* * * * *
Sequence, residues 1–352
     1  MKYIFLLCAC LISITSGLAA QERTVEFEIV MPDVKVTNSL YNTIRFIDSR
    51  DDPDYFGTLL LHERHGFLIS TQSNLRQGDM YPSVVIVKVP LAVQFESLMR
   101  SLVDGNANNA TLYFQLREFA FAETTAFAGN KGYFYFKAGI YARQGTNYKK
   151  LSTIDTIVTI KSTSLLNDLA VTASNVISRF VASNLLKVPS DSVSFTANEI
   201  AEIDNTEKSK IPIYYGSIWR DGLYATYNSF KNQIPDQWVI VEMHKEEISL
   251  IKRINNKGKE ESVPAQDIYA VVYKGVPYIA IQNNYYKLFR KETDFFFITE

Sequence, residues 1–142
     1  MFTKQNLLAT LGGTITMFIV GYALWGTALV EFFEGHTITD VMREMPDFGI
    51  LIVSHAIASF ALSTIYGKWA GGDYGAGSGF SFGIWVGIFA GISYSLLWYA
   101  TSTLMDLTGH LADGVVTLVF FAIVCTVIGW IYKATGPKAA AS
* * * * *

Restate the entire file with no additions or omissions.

Sequence, residues 1–352
     1  MKYIFLLCAC LISITSGLAA QERTVEFEIV MPDVKVTNSL YNTIRFIDSR
    51  DDPDYFGTLL LHERHGFLIS TQSNLRQGDM YPSVVIVKVP LAVQFESLMR
   101  SLVDGNANNA TLYFQLREFA FAETTAFAGN KGYFYFKAGI YARQGTNYKK
   151  LSTIDTIVTI KSTSLLNDLA VTASNVISRF VASNLLKVPS DSVSFTANEI
   201  AEIDNTEKSK IPIYYGSIWR DGLYATYNSF KNQIPDQWVI VEMHKEEISL
   251  IKRINNKGKE ESVPAQDIYA VVYKGVPYIA IQNNYYKLFR KETDFFFITE

Sequence, residues 1–142
     1  MFTKQNLLAT LGGTITMFIV GYALWGTALV EFFEGHTITD VMREMPDFGI
    51  LIVSHAIASF ALSTIYGKWA GGDYGAGSGF SFGIWVGIFA GISYSLLWYA
   101  TSTLMDLTGH LADGVVTLVF FAIVCTVIGW IYKATGPKAA AS